Cohousing and eco-villages

view counter

Communities in Australia

view counter

Practical articles

view counter

Discuss intentional community

view counter

Introductory Articles

Introduction to Cohousing and Ecovillages

Posted by Sustainable Living Foundation (SLF) | 21 February 2009

Cohousing and ecovillages are a significant part of the solution to Australia's housing crisis, addressing the crucial issues of affordability, ecological impact and community building.

Cohousing and ecovillages are small, mainstream, residential projects facilitating and intentional way of living together and doing it better. They include the following features:

Distinctives of cohousing

Posted by Anthony Kidd | 28 February 2009
Cohousing began in Denmark in the early 1970s. People were looking for an environment with more community than the suburban neighbourhoods being offered at the time. It was a reaction to the suburban neighbourhoods we all know where each household lives on its own island, many people do not know their neighbours and the motor car is king.


Hi from Homeland Community - 30 years of community experience - what would you like to know?

Posted by Homeland Community | 22 July 2010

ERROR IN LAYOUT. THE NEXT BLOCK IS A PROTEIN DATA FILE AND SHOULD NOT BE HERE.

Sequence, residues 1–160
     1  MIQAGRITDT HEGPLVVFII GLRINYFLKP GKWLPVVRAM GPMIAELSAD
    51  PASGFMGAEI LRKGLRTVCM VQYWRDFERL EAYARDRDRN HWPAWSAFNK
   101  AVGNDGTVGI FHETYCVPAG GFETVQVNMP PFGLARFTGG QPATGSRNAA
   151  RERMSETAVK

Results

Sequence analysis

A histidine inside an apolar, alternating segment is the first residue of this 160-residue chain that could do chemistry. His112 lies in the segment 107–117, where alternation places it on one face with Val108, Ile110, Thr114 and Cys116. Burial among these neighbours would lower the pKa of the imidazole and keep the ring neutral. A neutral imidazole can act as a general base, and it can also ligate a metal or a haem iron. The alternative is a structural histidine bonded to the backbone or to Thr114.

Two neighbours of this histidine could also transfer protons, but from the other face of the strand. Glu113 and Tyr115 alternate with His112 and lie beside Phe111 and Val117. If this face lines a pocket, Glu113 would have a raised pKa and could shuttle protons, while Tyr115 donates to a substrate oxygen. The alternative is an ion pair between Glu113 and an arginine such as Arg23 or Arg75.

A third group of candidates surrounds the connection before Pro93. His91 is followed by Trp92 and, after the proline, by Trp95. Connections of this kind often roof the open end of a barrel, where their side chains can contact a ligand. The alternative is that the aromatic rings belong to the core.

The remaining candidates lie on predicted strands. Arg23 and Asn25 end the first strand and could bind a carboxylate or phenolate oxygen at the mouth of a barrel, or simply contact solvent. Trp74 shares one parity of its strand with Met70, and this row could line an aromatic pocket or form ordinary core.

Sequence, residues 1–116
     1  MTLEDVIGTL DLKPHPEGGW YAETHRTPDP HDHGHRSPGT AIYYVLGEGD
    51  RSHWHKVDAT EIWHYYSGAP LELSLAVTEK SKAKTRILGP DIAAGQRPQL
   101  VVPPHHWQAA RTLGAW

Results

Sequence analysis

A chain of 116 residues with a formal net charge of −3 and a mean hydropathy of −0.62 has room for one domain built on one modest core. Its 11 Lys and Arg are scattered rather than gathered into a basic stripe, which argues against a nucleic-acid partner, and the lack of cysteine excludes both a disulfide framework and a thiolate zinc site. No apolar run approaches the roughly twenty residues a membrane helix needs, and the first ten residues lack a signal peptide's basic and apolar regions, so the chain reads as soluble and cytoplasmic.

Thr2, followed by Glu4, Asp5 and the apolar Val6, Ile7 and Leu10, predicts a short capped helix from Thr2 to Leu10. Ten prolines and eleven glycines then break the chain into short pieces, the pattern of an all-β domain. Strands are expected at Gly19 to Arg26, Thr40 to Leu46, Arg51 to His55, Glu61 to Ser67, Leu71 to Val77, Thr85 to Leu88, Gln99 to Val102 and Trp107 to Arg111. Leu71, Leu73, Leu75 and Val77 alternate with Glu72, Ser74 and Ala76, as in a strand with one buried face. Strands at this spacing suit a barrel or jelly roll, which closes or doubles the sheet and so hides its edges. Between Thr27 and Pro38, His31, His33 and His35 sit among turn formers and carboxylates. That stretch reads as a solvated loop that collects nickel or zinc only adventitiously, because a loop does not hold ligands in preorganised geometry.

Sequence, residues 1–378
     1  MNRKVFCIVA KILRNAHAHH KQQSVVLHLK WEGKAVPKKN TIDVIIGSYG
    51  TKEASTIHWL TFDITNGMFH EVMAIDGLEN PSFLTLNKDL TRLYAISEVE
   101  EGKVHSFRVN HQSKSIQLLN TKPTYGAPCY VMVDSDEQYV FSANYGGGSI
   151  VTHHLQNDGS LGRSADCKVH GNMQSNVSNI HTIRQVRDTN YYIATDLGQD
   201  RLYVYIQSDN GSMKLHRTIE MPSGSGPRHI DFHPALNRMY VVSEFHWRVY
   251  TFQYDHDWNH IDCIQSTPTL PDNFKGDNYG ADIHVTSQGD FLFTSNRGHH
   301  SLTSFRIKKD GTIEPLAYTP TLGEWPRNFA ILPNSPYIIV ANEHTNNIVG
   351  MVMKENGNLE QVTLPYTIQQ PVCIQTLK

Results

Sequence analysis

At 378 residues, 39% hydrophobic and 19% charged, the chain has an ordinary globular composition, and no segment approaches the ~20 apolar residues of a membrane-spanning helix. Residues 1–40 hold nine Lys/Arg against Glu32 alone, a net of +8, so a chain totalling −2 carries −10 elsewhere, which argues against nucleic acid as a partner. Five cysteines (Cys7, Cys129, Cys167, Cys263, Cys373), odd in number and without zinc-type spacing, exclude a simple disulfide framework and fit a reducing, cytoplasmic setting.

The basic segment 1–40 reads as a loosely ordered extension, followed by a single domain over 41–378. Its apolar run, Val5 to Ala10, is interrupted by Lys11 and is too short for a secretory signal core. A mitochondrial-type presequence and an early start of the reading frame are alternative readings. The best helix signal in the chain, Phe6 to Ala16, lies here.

In 1977, like many others, I was enchanted with the archetypal New Age community, Findhorn. On a sandspit in the middle of the North Sea amazing things were grown, people conversed with the spirits of plants and the whole place was governed based on guidance channeled directly from God. Paul Hawken's book, 'The Magic of Findhorn' and David Spangler's, 'Revelation: The Birth of the New Age' were the starting points for immersing yourself in the magic and mystery of the New Age. Was this the dawning of the Age of Aquarius?

Common Myths about cohousing

Posted by Anthony Kidd | 3 September 2010

Cohousing units don't have their own kitchen

Units in a cohousing neighbourhood are much the same as any other, whether they be detached houses, townhouses or flats. Each one has it’s own kitchen, bathroom, bedrooms and living spaces. Cohousing units are often smaller than traditional houses because it is not necessary to use space on facilities which are in the common house, however this is not universally so. The kitchens and bathrooms in cohousing developments are much the same as traditional housing, although are usually designed better.